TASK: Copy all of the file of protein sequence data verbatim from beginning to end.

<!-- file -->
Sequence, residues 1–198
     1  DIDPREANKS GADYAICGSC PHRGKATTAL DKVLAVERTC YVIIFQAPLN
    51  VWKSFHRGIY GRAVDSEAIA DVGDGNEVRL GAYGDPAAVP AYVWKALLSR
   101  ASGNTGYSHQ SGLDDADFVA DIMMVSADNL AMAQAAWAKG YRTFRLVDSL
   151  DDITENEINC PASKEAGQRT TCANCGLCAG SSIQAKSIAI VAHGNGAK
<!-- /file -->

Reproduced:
Sequence, residues 1–198
     1  DIDPREANKS GADYAICGSC PHRGKATTAL DKVLAVERTC YVIIFQAPLN
    51  VWKSFHRGIY GRAVDSEAIA DVGDGNEVRL GAYGDPAAVP AYVWKALLSR
   101  ASGNTGYSHQ SGLDDADFVA DIMMVSADNL AMAQAAWAKG YRTFRLVDSL
   151  DDITENEINC PASKEAGQRT TCANCGLCAG SSIQAKSIAI VAHGNGAK